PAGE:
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Survival of patients transferred to tertiary intensive care from rural community hospitals.

Surgenor SD, Corwin HL, Clerico T - Crit Care (2000)

Bottom Line: The two groups did not differ significantly in the characteristics measured.Differences in access to tertiary critical care in this rural region did not affect survival or length of stay after admission to this tertiary ICU.The odds ratio (1.14; 95% confidence interval 0.72-1.83) for mortality associated with transfer from a rural community hospital was not statistically significant.

View Article: PubMed Central - HTML - PubMed

Affiliation: Section of Critical Care Medicine, Department of Anesthesiology, Dartmouth Hitchcock Medical Center, Dartmouth Medical School, Lebanon, New Hampshire 03756, USA. stephen.d.surgenor@hitchcock.ORG

ABSTRACT

Background: Accessibility to tertiary intensive care resources differs among hospitals within a rural region. Determining whether accessibility is associated with outcome is important for understanding the role of regionalization when providing critical care to a rural population.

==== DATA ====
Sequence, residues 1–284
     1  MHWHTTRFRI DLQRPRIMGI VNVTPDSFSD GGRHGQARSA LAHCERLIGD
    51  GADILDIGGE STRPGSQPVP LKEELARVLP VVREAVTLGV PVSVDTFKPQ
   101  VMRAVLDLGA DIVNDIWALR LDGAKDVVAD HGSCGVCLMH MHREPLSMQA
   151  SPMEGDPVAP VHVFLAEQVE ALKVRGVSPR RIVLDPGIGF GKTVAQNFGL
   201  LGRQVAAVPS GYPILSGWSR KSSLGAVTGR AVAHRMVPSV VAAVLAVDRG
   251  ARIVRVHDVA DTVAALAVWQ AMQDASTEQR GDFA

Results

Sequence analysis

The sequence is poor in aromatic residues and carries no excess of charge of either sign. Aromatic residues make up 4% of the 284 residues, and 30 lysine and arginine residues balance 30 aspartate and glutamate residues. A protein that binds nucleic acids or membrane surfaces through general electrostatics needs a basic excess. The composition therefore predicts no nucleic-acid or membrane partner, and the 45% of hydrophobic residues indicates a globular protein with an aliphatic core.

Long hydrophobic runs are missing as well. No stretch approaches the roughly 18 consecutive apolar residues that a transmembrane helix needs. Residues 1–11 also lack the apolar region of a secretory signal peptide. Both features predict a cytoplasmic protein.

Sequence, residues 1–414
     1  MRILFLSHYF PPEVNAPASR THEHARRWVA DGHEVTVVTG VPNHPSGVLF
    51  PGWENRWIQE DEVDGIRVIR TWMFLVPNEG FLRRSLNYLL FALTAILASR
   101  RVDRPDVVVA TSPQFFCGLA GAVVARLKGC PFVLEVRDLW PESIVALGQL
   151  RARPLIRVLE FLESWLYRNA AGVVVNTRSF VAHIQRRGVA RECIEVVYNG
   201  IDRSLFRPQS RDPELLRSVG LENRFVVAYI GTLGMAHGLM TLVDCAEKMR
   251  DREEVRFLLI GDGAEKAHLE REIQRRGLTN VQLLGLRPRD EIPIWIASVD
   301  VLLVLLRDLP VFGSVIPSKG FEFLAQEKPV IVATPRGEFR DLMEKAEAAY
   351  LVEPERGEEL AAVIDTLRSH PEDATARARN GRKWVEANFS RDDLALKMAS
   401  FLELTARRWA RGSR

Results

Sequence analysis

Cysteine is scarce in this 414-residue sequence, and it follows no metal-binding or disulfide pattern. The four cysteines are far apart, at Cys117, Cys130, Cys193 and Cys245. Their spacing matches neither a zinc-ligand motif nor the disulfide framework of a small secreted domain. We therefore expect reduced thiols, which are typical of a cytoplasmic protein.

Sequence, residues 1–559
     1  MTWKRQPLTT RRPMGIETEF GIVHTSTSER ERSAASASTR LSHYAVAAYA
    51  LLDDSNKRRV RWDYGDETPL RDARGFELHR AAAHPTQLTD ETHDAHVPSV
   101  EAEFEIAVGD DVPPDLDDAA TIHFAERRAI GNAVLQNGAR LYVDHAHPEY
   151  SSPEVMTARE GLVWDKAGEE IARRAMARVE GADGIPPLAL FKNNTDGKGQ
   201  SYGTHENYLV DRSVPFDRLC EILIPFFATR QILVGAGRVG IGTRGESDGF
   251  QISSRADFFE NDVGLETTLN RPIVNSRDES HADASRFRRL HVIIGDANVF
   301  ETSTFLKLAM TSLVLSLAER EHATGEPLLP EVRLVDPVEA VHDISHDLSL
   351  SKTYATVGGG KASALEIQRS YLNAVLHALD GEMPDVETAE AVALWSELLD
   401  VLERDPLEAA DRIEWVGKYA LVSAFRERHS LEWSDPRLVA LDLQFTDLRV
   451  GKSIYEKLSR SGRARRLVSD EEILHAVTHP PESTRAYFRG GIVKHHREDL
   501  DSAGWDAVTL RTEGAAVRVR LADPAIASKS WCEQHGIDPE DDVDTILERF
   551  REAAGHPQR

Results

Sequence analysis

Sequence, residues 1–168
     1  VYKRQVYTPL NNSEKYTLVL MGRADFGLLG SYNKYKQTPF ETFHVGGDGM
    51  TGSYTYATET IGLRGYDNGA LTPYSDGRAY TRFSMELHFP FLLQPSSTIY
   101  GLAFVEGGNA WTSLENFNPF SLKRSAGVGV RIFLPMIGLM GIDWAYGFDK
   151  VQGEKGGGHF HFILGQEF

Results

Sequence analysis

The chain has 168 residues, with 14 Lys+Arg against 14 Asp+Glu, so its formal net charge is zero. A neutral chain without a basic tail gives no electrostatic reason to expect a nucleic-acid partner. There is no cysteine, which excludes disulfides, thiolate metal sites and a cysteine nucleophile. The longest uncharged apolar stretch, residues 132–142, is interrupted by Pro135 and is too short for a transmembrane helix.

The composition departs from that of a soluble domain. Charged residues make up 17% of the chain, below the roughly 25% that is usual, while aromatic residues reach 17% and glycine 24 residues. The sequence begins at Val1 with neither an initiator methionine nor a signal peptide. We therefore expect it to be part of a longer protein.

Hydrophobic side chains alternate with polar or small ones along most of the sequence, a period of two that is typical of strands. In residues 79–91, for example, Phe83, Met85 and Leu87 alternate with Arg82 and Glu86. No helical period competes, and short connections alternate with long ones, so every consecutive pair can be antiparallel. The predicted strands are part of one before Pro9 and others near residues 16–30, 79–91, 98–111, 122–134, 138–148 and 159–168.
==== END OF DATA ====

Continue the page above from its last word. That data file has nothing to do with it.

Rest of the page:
Methods: In a prospective design, we identified and recorded the mortality ratio, percentage of unanticipated deaths, length of stay in the intensive care unit (ICU), and survival time of 147 patients transferred directly from other hospitals and 178 transferred from the wards within a rural tertiary-care hospital.

Results: The two groups did not differ significantly in the characteristics measured. Differences in access to tertiary critical care in this rural region did not affect survival or length of stay after admission to this tertiary ICU. The odds ratio (1.14; 95% confidence interval 0.72-1.83) for mortality associated with transfer from a rural community hospital was not statistically significant.